Posts Tagged ‘isorhythm’

Clave Patterns in Quiet Rhythms

October 13, 2017

In the Action of Quiet Rhythms no.1, the clave appears immediately in the right-hand in measures 1 and 2 playing a 3-2 clave over the left-hand playing a 2-3 clave. Layering the clave in both hands creates a 3 over 2 polyrhythm in measure 1 and, a 2 over 3 polyrhythm in measure 2 and, so on.

Action 1 m1-4

Starting at measure 89 through to the end at measure 175,  there is an amplitude cross- fade every four bars. The 3-2 clave, clearly standing out in the right-hand, gradually morphs to the left-hand. The perception of the 2 bar clave and 1 bar polyrhythm moves in and out of focus as the volume changes.

Action 1_m89

The amplitude cross-fade creates somewhat of an aural M.C. Escher effect where the ear may focus on either the left or right hand depending on the volume just as the eye may focus on the bird or the fish in varying degrees of clarity.

M.C.Escher

M.C. Escher

In the Prologue of Quiet Rhythms no. 18. a 3-2 clave rhythm starts at measure 5, but using accents on top of an even 16-note contrary motion pattern that contracts and expands every measure.

Prologue 18_m5

At measure 21 the accents switch to a 2-3 clave expanding in contrary motion every two measures.

Prologue 18_m21

And, then at measure 33, back to a 3-2 clave in a new texture of two-note chords alternating 5ths and 4ths over even single-note 16ths alternating 5th and 4th motion.

Prologue 18_m33

In the Action of Quiet Rhythms no. 18, the clave rhythm is augmented in a 4/2 meter creating a slow meditative quality. The middle line or L.H. is playing the primary 3-2 clave in measures 1-2, 3-4, 5-6, 7-8 at half speed against the high and low pitched octave drones in the top and bottom staves.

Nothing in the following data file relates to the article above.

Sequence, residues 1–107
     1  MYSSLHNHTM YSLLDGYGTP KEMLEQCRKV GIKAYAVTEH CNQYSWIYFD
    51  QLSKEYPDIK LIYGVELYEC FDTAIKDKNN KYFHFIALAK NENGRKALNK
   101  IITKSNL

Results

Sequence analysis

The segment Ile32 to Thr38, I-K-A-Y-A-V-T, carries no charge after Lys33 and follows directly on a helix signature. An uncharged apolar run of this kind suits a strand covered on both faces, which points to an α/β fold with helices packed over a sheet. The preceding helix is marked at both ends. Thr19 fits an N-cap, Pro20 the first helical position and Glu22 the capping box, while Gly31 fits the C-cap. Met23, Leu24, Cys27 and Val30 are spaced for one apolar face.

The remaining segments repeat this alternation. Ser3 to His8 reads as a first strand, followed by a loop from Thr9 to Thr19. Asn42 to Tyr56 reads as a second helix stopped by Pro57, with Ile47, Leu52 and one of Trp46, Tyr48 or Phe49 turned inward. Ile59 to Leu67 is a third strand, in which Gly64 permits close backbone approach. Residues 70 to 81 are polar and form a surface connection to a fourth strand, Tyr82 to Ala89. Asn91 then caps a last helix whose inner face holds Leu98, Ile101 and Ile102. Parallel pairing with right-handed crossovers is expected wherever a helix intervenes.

Within each measure there is a 3 against 2 polyrhythm (as in Action 1 above). In measure 1, the 3 against 2 polyrhythm sounds in the middle and top staff. In measure 2, it starts in the bottom staff and then moves from the middle to the top. In measure 3, it traverses middle, top, middle, bottom, middle.

The overall design is a 3-2 clave hocketing pattern of the top and bottom “drone voices” within an 8-bar isorhythmic cycle. It begins again at measure 9 for another eight measures contrasting in a major key and flipped with the bottom staff sounding first.

Action 18_m1

Up until measure 17, the middle staff left-hand chords are a static back-and-forth of 3rd and 4th intervals. At measure 17, they change to a rising pattern of 5ths and 4ths for eight measures.

Action 18_m17

At measure 25, the pattern goes back to the rhythmic design of the opening measures 1-8, but the intervallic movement is the opposite: The top staff moves up and the bottom moves down while the middle moves 4ths to 3rds.

Action 18_m25

Action 18  follows a 32-bar AABA form found in much of American popular song. AABA corresponds to the measures as follows: A (1-8) A (9-16) B (17-24) A (25-32)

An important note is that throughout this series of piano pieces the Action is always composed first. In most cases, the Prologue is sort of a rhythmically smoothed out version of the Action which typically explores a syncopated pattern.

Listen to Quiet Rhythms no. 1 performed by Francesco Di Fiore

Listen to Quiet Rhythms no. 18 performed by Erika Tazawa

 

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Opus One Memphis Interview Part 2